U.S., Vietnam Explore Enhanced Defense Cooperation

WASHINGTON, Aug. 18, 2010 — A week after USS John S. McCain made its first port vis­it to Viet­nam to com­mem­o­rate the 15th anniver­sary of nor­mal­ized diplo­mat­ic rela­tions between the Unit­ed States and Viet­nam, senior defense offi­cials from the two coun­tries met yes­ter­day to explore ways to fur­ther enhance their defense coop­er­a­tion.

USS John S. McCain
Sailors aboard the guid­ed-mis­sile destroy­er USS John S. McCain man the rails as the ship tran­sits into the port of Da Nang, Viet­nam, Aug. 10, 2010, to com­mem­o­rate the 15th anniver­sary nor­mal­ized rela­tions between the Unit­ed States and Viet­nam and to con­duct the first train­ing exchange between the U.S. and Viet­namese navies.
U.S. Navy pho­to by Pet­ty Offi­cer 1st Class Brock A. Tay­lor
Click to enlarge

Robert Sch­er, deputy assis­tant sec­re­tary of defense for South and South­east Asia, met in Hanoi with Vietnam’s deputy defense min­is­ter, Lt. Gen. Nguyen Chi Vinh. Speak­ing dur­ing a joint news con­fer­ence, Sch­er called the dis­cus­sions “the next sig­nif­i­cant his­toric step” in advanc­ing a grow­ing defense rela­tion­ship based on “mutu­al trust, under­stand­ing and respect for inde­pen­dence and sovereignty.” 

The talks focused on ways to strength­en mil­i­tary-to-mil­i­tary coop­er­a­tion in areas such as search-and-res­cue, human­i­tar­i­an and dis­as­ter-relief oper­a­tions as well as lan­guage train­ing, Sch­er reported. 

Sch­er said he also shared U.S. con­cerns about China’s mil­i­tary build-up. Yesterday’s talks built on issues dis­cussed in Decem­ber when Viet­namese Defense Min­is­ter Gen. Phung Quang Thanh trav­eled to the U.S. Pacif­ic Com­mand head­quar­ters in Hawaii to meet with Navy Adm. Robert F. Willard, Pacom’s commander. 

The Viet­namese defense min­is­ter, who also vis­it­ed mil­i­tary bases dur­ing his three-day vis­it, “indi­cat­ed a desire for activ­i­ties that fos­ter greater under­stand­ing and coop­er­a­tion in var­i­ous areas such as dis­as­ter man­age­ment, con­flict res­o­lu­tion, traf­fick­ing in per­sons, and improv­ing rela­tions with its neigh­bors,” Willard report­ed dur­ing con­gres­sion­al tes­ti­mo­ny in March. 

“Our mil­i­tary-to-mil­i­tary rela­tion­ship with Viet­nam con­tin­ues to improve,” Willard told the Sen­ate Armed Ser­vices Committee. 

Ear­li­er this month, for exam­ple, the U.S. 7th Fleet kicked off a week­long series of naval engage­ment activ­i­ties with the Viet­namese navy com­mem­o­rat­ing the 15th anniver­sary of nor­mal­ized rela­tions between the Unit­ed States and Viet­nam. The activ­i­ties, which began Aug. 8, cen­tered on dam­age con­trol, search and res­cue, main­te­nance and cook­ing events and oth­er non­com­bat­ant train­ing, Navy offi­cials report­ed. Med­ical and den­tal civic action projects, an under­way air­craft car­ri­er embarka­tion, ship vis­its and sport­ing events high­light­ed the visit.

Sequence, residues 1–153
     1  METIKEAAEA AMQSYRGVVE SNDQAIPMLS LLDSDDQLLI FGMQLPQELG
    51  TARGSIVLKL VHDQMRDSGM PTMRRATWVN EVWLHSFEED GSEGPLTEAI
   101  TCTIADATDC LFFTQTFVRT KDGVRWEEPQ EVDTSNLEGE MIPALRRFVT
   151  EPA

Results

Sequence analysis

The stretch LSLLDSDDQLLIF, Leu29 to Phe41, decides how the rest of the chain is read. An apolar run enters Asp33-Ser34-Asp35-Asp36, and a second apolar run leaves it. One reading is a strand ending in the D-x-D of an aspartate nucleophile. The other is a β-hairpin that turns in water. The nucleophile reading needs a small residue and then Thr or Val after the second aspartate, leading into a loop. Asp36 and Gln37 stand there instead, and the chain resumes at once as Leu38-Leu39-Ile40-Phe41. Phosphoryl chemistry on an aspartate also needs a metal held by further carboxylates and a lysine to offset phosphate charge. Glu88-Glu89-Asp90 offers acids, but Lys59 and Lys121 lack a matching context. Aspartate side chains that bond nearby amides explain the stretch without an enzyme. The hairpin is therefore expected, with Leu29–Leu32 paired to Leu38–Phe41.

Dur­ing the exchange, the guid­ed-mis­sile destroy­er USS John S. McCain made a sched­uled port vis­it to Vietnam. 

The ship, for­ward deployed to Yoko­su­ka, Japan, arrived in Da Nang on Aug. 10 for its first vis­it to Viet­nam. The crew inter­act­ed with their Viet­namese coun­ter­parts dur­ing ship­board dam­age con­trol and search-and-res­cue demon­stra­tions as well as soc­cer and vol­ley­ball match­es, Navy offi­cials report­ed. They also con­duct­ed com­mu­ni­ty ser­vice projects at a local school and orphanage. 

Navy Rear Adm. Ron Hor­ton, com­man­der of Task Force 73 and Logis­tics Group West­ern Pacif­ic, called the activ­i­ties “indica­tive of the increas­ing­ly clos­er ties between the U.S. and Vietnam.” 

“Exchanges like this are vital for our navies to gain a greater under­stand­ing of one anoth­er, and build impor­tant rela­tion­ships for the future,” he said. 

In addi­tion, the hos­pi­tal ship USNS Mer­cy vis­it­ed Viet­nam in June, spend­ing 13 days deliv­er­ing human­i­tar­i­an and civic assis­tance ashore as part of Pacif­ic Part­ner­ship 2010. Dur­ing the vis­it — the Pacif­ic Partnership’s third to Viet­nam — more than 1,000 med­ical, den­tal, vet­eri­nary and engi­neer­ing pro­fes­sion­als from the U.S. mil­i­tary ser­vices, non­govern­men­tal orga­ni­za­tions and part­ner nations pro­vid­ed sup­port to res­i­dents of Binh Dinh province on Vietnam’s cen­tral coast. 

U.S. Depart­ment of Defense
Office of the Assis­tant Sec­re­tary of Defense (Pub­lic Affairs) 

Face­book and/or on Twit­ter

Team GlobDef

Seit 2001 ist GlobalDefence.net im Internet unterwegs, um mit eigenen Analysen, interessanten Kooperationen und umfassenden Informationen für einen spannenden Überblick der Weltlage zu sorgen. GlobalDefence.net war dabei die erste deutschsprachige Internetseite, die mit dem Schwerpunkt Sicherheitspolitik außerhalb von Hochschulen oder Instituten aufgetreten ist.

Alle Beiträge ansehen von Team GlobDef →